Launchball. Do interactives get any better?

Posted on September 24, 2007

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I said in my last post that I’d be blogging about the new Launchpad interactive pretty soon. So here it is – the arrival of Launchball – the culmination of a huge amount of hard work by those fabulous fellows at the Science Museum, stunning Flash and visual stuff by digital marvels Preloaded and some stirling hardcore lifting back-end courtesy of Eduserv via the amazing CMS, Sitecore.

I worked on the fun (and easy) bit of this project – together with Daniel Evans, Frankie Roberto and Jane Audas we worked up the concepts, presented them to the wider Launchpad project board, user tested and honed them down into what you see today. Then because of my imminent departure, Mr Evans picked up the hard work of actually steering the project through to completion.

LaunchballThe challenge we faced in delivering this interactive was this: the Launchpad gallery is entirely a physical experience. It’s about bubbles, wheels, flashes of light, dynamos. The obvious (and also obviously wrong) approach would have been to do some kind of awful online version of that physical experience. A “pull this virtual lever to see the virtual bubble rise up through the virtual tube” kind of interactive. We knew, right from the off, that this was what we absolutely wanted to avoid.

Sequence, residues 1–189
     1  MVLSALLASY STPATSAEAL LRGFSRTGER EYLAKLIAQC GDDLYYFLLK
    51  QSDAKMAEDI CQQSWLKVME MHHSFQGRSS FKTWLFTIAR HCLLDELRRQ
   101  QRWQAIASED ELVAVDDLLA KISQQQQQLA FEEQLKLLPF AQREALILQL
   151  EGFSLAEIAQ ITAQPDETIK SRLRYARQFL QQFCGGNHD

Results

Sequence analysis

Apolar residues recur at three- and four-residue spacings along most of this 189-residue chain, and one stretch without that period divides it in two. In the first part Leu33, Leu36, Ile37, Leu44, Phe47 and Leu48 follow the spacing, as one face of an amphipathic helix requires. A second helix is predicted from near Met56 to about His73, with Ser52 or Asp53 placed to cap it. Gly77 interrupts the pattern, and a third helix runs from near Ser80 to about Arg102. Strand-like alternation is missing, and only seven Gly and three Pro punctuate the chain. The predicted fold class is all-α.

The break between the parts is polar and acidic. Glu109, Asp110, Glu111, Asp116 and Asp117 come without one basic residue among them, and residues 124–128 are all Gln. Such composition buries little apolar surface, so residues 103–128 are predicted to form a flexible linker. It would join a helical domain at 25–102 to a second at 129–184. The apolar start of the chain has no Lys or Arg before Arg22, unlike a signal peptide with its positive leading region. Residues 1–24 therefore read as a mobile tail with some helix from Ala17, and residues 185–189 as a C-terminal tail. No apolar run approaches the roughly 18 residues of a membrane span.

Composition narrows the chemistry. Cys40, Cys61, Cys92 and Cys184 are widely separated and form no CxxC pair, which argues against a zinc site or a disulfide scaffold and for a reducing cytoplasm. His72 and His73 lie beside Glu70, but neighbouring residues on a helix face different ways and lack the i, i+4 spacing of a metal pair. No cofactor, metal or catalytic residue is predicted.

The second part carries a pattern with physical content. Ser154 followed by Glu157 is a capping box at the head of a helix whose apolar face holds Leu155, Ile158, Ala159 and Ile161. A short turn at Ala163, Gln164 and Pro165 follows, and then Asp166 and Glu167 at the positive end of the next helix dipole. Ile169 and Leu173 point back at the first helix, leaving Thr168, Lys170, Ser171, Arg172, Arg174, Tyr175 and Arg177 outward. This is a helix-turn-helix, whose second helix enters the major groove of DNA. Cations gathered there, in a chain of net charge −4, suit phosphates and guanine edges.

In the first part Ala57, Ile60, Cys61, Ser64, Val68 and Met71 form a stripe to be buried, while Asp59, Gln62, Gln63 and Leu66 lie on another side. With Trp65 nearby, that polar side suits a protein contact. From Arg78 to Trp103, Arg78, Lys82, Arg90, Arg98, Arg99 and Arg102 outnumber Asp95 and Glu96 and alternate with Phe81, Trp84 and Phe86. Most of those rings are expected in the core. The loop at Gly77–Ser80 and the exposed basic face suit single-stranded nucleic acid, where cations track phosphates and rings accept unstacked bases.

The concept we came up with was to use a physics engine to demonstrate concepts which are abstract and yet physically real in some way. Conceptually this is incredibly strong, and we could see eyes lighting up across the content team from the first time we presented this approach.

Getting it from there to reality however could have gone badly wrong. Luckily, Preloaded pulled some extraordinary things out of the bag – the sounds, the UI, the sophistication of the graphics. And behind the scenes, the CMS holds all the content data as well as the layouts for each level which means editing stuff is very easy, as is (possibly in the future…?) letting others get at the XML layout data to build their own weird stuff as well. Chucking in the means for users to save and share their own levels was also an obvious but well-planned step which could well have fallen off the radar during “project panic” time. I’m terribly pleased that it didn’t.

So. That’s it. I’m willing to bet that this will go viral, big-time. Help by Digging it.

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